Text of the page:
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(Australia) "The complexity of students had increased"

May 6, 2024, Guardian: School funding reform to be tied to better outcomes for children with disability, Jason Clare says

Education minister doubles down on need for states to do more for students with a disability, in the wake of Guardian Australia investigation.


The education minister, Jason Clare, has said the next national agreement on school reform will be tied to improved outcomes for students with disabilities, amid a split with the states over increased funding levels.


“I want students with disability to have the same educational opportunities as students without disability,” he told Guardian Australia.


As the commonwealth and most states remain locked in negotiations over who will pay to fully fund schools to 100% of the schooling resourcing standard (SRS), Clare is doubling down on the need for states to do more to improve outcomes for students from disadvantaged backgrounds, including those with a disability.


A Guardian Australia investigation, The Classroom Divide, has exposed deep inequities in the way students with a disability are funded in Australian schools, with families, teachers and advocates concerned at the way students with disabilities are being included in mainstream schools.


Clare said the current negotiations would prioritise the issue.


“I’m working with my state and territory colleagues to get all public schools to their full and fair funding level and to tie that funding to the reforms that will help children catch up, keep up and finish school, including those with a disability,” he said.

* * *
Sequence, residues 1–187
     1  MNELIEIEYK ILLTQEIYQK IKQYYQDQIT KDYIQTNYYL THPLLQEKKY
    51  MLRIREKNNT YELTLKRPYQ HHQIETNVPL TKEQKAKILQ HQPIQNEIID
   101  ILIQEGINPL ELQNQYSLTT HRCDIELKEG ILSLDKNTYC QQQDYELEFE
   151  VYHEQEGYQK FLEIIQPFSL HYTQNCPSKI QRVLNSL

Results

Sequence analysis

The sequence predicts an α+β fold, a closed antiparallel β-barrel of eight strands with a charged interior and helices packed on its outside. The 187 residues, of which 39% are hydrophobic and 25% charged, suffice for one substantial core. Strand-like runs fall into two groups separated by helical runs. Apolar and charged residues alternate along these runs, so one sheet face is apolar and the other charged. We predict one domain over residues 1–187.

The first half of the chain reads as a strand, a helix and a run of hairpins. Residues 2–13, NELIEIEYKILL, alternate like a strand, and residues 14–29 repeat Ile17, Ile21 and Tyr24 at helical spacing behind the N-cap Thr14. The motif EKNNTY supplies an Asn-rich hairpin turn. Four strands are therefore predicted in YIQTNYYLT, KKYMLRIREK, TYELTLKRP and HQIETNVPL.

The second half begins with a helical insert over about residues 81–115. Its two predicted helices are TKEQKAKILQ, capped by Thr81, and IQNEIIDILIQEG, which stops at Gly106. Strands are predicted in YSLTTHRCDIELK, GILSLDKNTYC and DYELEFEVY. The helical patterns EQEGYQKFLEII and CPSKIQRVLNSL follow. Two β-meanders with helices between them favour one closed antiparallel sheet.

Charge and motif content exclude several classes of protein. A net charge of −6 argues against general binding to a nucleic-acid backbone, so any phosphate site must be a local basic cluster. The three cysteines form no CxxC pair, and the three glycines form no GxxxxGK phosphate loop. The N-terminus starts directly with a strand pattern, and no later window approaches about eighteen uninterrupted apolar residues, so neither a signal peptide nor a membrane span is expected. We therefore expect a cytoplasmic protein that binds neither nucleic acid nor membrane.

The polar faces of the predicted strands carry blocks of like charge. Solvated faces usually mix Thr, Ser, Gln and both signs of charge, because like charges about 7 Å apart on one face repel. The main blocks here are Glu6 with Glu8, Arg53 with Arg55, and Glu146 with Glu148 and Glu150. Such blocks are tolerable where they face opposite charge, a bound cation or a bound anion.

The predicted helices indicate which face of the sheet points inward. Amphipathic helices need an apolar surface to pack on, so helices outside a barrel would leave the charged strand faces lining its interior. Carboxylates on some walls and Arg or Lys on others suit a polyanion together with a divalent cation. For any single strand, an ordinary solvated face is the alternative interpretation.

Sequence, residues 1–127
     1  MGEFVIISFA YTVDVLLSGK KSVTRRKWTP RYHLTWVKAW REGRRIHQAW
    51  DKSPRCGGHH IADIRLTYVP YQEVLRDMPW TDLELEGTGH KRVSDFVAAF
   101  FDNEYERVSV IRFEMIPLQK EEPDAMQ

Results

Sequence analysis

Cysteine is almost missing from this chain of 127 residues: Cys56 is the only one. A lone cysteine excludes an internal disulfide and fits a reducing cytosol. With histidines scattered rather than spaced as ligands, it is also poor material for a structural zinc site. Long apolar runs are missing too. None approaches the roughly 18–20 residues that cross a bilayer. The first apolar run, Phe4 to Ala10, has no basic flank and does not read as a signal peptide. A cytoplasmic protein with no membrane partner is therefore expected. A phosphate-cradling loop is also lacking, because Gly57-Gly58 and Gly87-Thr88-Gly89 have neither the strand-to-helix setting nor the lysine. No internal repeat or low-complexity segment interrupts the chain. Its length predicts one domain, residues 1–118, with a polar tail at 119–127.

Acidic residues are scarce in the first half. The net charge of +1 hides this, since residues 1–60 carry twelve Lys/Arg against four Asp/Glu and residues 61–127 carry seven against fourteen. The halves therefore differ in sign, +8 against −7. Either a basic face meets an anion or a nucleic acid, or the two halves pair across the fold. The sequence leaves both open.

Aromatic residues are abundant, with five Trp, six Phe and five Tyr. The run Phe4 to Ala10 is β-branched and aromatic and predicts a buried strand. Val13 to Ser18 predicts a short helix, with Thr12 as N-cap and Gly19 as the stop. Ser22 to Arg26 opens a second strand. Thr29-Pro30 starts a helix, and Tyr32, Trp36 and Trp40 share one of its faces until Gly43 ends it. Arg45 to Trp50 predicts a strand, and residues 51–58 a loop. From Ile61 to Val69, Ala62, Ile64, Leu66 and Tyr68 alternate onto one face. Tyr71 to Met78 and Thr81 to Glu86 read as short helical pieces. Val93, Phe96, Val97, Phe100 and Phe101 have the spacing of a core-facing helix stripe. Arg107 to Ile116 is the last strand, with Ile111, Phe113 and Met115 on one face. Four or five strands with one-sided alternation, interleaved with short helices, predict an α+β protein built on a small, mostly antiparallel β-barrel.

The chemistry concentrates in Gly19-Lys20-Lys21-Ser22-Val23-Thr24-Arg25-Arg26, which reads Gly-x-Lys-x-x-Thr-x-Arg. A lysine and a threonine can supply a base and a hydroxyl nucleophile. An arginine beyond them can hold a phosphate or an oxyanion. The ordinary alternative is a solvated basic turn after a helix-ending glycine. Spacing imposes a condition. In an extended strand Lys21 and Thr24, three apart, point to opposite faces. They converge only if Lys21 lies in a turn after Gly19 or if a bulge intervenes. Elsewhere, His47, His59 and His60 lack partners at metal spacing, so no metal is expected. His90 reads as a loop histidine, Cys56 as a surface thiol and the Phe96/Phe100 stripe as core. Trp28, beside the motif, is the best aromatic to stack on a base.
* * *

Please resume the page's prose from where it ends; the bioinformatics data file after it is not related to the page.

The minister has repeatedly said the states should not expect a “blank cheque” after a damning report from the Productivity Commission released in December found that academic outcomes had fallen despite increased funding levels.


The federal government wants funding tied to new reporting obligations on the states, including around funding for students with a disability, but is facing pushback.


Negotiations are also touching on how the $3.6bn [$2.4B} student with disability loading payment is being managed by the states, with the federal government refusing to release a review into the payment, saying it would “impact negotiations for the next National School Reform Agreement”.


Funding deals have been struck this year with the Northern Territory and Western Australia but the government is still in negotiations with other states over who will pay for the 5% increase needed to lift school funding levels.


The commonwealth is proposing lifting the federal share of public funding from 20% to 22.5% in a deal worth an extra $6bn [$4B] over five years, while the states want the federal government to lift its share to 25%.


The Greens education spokesperson, Penny Allman-Payne, said that she wanted to see more urgency from the federal government on reaching 100% of the school resourcing standard more quickly and for other system-wide reforms. . . .


 “My message to them is they need to stop giving money to elite private schools that are overfunded and they need to immediately increase the funding to public schools to 100% of the SRS at the start of the next agreement.”

She said that while the complexity of students had increased, the resourcing to meet that need had not adjusted adequately.

“There’s not one thing that you can talk about that we need to do that doesn’t require a significant investment,” she said.


“You can’t give teachers more time to collaboratively plan or work with parents and families and carers if you don’t put more money into the system, and you can’t have the additional resources that are desperately needed if you don’t put more money into the system.”





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